People get worked up over the Lamborghini Urus. Even people who could never afford a Lamborghini get upset by the idea of yet another automaker making yet another SUV.
To the accusation of pandering to the SUV-enthralled masses, Lamborghini’s best defense is that it has created an awesome machine. Lamborghini’s engineers and designers successfully imbued an SUV with the excitement of a supercar. The Urus has the soul — the sound, the speed, the quickness — of a genuine Lamborghini. With a starting price of $200,000, it also has the price tag. But, as Lamborghinis go, it’s a moderate extravagance.
- The Lamborghini Urus puts supercar performance in an SUV package.
- The Urus is quick, responsive and thrilling.
- Those not used to piloting a supercar may find some controls annoying.
And on that, the defense can rest.
One thing that doesn’t fit the Lamborghini archetype is the Urus’s turbocharged V8 engine. Lamborghini typically uses bigger V10s and V12s. But you won’t care. It can make 650 horsepower, which is a little more than you can get from the engine in Lamborghini’s Huracán supercar. Granted, the Urus is bigger and heavier. But with this much power, it’s capable of reaching 60 miles per hour in just 3.5 seconds. And it does it with all the proper pops and snarls you’d expect from an Italian supercar.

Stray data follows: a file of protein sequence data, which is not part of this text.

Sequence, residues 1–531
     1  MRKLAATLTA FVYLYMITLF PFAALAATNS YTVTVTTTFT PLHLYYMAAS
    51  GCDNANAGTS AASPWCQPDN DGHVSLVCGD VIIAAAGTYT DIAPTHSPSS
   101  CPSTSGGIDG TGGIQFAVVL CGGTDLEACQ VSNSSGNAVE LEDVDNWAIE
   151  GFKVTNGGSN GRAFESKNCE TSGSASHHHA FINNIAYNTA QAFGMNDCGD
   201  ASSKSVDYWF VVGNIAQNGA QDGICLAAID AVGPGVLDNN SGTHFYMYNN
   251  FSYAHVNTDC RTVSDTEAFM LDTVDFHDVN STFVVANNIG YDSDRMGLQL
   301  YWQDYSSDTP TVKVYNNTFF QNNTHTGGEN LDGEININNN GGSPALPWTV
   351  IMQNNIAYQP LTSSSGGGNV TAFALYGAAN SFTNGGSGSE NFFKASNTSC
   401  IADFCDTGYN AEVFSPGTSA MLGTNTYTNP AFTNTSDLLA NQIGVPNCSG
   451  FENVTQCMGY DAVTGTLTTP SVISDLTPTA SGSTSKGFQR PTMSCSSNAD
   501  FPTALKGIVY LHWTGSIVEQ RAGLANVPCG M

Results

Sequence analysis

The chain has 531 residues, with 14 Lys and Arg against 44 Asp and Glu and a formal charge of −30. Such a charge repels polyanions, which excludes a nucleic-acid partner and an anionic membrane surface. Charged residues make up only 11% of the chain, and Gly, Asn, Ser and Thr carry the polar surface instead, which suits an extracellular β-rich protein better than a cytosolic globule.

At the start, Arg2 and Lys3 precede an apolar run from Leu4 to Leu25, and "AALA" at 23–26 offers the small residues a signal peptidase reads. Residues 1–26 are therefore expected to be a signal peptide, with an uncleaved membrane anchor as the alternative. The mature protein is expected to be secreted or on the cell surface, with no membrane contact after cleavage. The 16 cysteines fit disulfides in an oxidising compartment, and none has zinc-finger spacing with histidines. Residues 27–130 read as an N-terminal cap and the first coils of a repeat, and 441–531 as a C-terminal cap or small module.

This SUV’s cornering ability is shocking. The Urus takes a turn more aggressively than any SUV I’ve driven or could even imagine. Going fast through the curves of a mountain road in California, the Urus never felt as if it was anywhere near its limits — even as I pulled away from a pack of Ford Mustangs following behind me. It was exhilarating enough that, except for the fact that I was higher off the ground than I would be in any other Lamborghini, I could almost forget I was in an SUV at all. Steering is quick, connected-feeling and responsive.
A small lever allowed me to put the Urus (Lamborghini pronounces it oo-ROOS) in one of several driving modes. Burbling patiently in heavy traffic, I opted for Strada, or Street, mode in which the Urus was comfortable and its aggressive tendencies were mellowed. When I approached a fun stretch of mountain road, I put it in Sport Mode and the Urus came alive. Its suspension stiffened a little, the steering quickened, the SUV bolted more aggressively at a press of the gas pedal and the engine roared louder. I tried Corsa, or Track, mode when I wanted to see what the Urus felt like at full attack. There are also modes for sand, snow and rough terrain, as well as an Ego mode that